Ghana has requested debt relief through the Common Framework program, which is backed by the Group of 20 major economies, according to International Monetary Fund Managing Director, Kristalina Georgieva.
According to a source familiar with the matter, Ghana asked for a restructure of its bilateral debt on Tuesday under the Common Framework initiative backed by the G20.
The country is now the fourth to submit an application to the G20 initiative, which was established in 2020 and intended to simplify debt restructuring procedures when weaker nations began to falter as a result of the COVID-19 pandemic’s effects.
According to Georgieva in a blog post, “Ghana just became the fourth country to seek treatment under the Common Framework, sending a signal that it is seen as an important pathway for debt resolution.”
In order to incorporate non-Paris club members like China in debt reduction negotiations, Ghana is restructuring its debt in accordance with the Common Framework.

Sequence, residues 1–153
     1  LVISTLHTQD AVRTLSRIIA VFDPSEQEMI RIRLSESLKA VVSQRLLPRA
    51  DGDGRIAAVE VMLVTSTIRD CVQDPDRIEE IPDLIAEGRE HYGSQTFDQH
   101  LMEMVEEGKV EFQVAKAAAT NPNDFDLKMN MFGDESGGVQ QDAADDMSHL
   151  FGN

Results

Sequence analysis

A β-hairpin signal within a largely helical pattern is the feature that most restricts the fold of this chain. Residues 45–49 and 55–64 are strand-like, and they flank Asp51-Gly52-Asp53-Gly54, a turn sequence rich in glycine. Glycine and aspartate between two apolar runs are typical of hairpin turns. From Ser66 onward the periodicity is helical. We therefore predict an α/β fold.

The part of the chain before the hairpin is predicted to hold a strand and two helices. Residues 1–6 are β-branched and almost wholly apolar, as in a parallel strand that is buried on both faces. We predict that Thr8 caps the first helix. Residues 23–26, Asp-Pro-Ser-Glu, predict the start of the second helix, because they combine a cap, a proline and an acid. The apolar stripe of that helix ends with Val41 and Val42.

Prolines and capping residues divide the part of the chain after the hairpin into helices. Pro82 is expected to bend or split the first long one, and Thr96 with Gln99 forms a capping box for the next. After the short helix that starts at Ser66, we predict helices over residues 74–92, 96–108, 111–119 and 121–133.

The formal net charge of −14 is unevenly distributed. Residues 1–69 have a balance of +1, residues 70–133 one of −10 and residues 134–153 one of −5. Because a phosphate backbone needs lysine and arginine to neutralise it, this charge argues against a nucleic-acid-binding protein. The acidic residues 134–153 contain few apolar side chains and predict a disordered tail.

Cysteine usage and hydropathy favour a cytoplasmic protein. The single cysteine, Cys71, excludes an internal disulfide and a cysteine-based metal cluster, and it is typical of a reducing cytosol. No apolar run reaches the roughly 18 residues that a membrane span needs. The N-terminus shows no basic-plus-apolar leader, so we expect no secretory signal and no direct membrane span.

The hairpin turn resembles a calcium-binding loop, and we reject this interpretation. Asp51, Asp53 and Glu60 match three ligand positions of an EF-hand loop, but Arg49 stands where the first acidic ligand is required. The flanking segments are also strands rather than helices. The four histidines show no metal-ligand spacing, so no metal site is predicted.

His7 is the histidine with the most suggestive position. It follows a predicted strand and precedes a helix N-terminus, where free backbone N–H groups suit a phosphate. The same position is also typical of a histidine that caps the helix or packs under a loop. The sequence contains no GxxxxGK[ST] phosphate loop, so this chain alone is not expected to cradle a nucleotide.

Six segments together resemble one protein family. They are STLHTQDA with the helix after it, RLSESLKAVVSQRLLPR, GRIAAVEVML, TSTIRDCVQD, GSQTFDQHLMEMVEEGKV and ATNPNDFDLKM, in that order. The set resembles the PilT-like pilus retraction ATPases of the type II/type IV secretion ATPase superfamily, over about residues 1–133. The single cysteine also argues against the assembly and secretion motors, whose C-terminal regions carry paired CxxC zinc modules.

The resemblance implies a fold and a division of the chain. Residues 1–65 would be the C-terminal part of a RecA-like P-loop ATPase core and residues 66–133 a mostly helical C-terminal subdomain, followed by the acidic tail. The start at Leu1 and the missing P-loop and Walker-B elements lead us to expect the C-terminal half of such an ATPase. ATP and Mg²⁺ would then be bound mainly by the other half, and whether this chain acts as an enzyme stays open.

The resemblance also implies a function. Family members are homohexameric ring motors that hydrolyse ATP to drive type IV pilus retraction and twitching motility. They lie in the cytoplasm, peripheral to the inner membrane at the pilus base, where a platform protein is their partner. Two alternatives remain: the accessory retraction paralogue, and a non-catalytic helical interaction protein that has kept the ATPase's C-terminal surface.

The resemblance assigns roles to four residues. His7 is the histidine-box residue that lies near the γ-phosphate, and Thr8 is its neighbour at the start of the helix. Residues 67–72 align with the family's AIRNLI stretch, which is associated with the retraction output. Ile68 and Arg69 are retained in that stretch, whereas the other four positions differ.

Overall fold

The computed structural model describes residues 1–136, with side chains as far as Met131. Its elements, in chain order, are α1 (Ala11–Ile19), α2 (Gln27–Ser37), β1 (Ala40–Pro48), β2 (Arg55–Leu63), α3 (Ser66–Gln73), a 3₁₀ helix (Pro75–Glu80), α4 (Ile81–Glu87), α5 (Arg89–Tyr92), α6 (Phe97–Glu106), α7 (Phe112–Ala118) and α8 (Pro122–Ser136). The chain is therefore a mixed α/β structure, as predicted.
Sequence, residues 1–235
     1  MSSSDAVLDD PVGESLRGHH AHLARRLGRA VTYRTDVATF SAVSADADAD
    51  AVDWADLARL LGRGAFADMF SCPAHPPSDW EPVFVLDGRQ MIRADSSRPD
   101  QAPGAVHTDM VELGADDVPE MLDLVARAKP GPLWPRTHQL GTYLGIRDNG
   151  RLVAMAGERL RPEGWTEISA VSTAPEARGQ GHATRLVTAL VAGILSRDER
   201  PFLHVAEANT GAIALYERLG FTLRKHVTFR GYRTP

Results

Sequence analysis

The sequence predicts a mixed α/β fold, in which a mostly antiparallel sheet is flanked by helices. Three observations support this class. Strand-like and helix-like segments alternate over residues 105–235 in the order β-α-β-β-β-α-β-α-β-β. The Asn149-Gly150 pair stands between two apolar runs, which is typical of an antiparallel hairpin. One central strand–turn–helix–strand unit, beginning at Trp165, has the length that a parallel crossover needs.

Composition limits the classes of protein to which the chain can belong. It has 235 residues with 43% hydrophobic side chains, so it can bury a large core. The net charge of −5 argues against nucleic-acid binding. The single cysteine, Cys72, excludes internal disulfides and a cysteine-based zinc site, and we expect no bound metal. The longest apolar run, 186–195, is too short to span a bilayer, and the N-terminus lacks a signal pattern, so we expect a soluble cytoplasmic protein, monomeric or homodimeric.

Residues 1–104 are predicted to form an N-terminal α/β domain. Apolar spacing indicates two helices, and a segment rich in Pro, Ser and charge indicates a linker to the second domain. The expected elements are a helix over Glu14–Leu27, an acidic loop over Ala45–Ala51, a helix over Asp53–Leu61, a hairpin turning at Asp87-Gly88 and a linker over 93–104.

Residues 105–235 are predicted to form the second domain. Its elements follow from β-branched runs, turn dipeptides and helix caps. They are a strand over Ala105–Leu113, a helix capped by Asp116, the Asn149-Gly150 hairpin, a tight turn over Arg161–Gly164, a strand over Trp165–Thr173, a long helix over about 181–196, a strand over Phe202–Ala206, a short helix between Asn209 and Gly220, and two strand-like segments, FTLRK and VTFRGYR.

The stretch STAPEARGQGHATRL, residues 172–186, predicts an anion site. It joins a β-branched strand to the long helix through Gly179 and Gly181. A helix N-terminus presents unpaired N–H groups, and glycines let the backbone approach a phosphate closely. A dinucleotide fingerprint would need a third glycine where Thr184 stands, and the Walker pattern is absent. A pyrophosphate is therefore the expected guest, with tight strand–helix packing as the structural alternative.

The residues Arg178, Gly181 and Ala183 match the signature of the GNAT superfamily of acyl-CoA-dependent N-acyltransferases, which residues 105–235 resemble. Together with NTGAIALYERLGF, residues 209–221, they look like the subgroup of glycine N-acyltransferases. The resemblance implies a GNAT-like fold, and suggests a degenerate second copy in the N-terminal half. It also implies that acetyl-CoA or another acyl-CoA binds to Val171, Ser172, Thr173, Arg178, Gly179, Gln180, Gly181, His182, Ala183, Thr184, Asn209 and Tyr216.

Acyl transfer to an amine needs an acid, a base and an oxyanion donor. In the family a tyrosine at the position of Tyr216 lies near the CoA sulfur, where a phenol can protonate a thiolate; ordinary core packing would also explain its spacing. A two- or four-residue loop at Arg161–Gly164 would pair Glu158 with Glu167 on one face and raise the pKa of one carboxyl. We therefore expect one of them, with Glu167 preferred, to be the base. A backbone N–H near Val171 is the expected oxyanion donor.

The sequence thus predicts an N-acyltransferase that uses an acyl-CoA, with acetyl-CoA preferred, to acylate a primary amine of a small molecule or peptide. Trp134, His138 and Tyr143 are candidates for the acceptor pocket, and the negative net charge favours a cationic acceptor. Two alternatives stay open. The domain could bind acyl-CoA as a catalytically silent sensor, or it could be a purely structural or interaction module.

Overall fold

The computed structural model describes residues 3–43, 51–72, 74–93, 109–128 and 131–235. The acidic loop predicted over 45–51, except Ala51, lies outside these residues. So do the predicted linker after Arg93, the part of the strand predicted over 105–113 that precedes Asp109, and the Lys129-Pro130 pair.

According to information from the International Institute of Finance, China is Ghana’s largest bilateral creditor with a debt of $1.7 billion, while the country owes the Paris Club members $1.9 billion (IIF).
Ghana, which in mid-December signed a $3 billion staff-level deal with the IMF, had been holding off on making this request because of the lengthy delays experienced by other nations adopting the procedure.
The Common Framework, intended to allow for quick debt restructuring, has received harsh criticism for moving at a glacial pace.
Early in 2021, Chad, Ethiopia, and Zambia signed up. Chad negotiated an agreement with creditors in November while Zambia is still in negotiations. The civil war in Ethiopia hindered its development.